• (Laughter)

  • And he was working for LiNK, 'Liberty in North Korea'

  • as a Human Rights volunteer.

  • But, he's not been a very happy person outside the camp.

  • He's struggling to understand what it means to be free.

  • He says that he's physically outside, but not psychologically outside barbed wire.

  • One of the things he told me is

  • that he's evolving from being an animal into trying to be a human being.

  • But it's going very, very slowly.

  • Very slowly. He still has dreams

  • about his mother's death.

  • What's terrifying though is that Shin's story is not an isolated tale of horror.

  • The two other big adjustment problems that are going on, or that will soon go on.

  • There are 24,000 North Koreans now living in South Korea.

  • Almost all of them have come there in the past 12 years.

  • Almost all of them have been examined by government psychiatrists and psychologists

  • in South Korea who say that, virtually all of them are clinically paranoid,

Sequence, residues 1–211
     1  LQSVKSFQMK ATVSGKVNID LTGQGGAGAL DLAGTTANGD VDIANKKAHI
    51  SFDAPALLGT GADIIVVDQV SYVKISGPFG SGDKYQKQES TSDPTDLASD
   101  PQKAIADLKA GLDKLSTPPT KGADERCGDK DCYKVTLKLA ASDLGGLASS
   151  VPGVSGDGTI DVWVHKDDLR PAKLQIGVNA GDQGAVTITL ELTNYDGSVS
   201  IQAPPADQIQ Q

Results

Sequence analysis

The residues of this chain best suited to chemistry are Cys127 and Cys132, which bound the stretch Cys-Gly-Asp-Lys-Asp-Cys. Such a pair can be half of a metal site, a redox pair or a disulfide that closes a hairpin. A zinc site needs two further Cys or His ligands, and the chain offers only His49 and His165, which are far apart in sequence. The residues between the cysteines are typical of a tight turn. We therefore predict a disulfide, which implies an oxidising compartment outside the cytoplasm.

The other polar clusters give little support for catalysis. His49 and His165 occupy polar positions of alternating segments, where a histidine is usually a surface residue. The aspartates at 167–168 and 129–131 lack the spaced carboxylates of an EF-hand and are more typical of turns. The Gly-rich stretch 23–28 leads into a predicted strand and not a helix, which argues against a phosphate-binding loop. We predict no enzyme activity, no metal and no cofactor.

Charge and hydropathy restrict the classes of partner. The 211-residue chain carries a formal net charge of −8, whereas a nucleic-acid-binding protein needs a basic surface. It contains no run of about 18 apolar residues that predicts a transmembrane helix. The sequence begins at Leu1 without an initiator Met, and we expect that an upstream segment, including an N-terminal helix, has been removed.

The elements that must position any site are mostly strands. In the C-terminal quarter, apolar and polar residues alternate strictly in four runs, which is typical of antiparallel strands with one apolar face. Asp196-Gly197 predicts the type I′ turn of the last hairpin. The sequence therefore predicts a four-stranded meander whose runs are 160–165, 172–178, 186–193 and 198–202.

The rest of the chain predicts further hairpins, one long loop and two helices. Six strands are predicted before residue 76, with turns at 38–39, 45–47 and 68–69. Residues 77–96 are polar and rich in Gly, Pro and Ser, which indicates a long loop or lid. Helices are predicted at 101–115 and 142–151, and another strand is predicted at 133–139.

• a useful adjustment for life in North Korea, a place that crawls with security agents

  • but they have a very difficult time adapting to modern life.

  • They have a hard time distinguishing between criticism and betrayal.

  • And, there are 24 million people in North Korea who, if that state ever collapses

  • will have to go through the same adjustment problems.

  • And no one is thinking that North Korea is on the verge of collapse,

  • but totalitarian systems don't last forever.

  • And, someday, all of those people will have to go through a version

  • of what Shin has gone through.

  • Now, the reason Shin told me his awful story

  • was because he wants you to know

  • that these camps are still in operation.

  • They're still breeding children. They're still teaching them to betray their parents.

  • He doesn't believe that knowing about this is going to overthrow North Korea.

  • But, he went through the humiliation of telling me his story

  • and he's traveling the world talking about it,

  • because he believes that knowledge is better than ignorance.

  • Thank you very much.

  • (Applause)

I've been a journalist for 32 years,

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【TEDx】Escape from camp 14 -- Shin Dong-hyuk's odyssey: Blaine Harden at TEDxRainier

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    Lim Chun Aun posted on 2014/07/13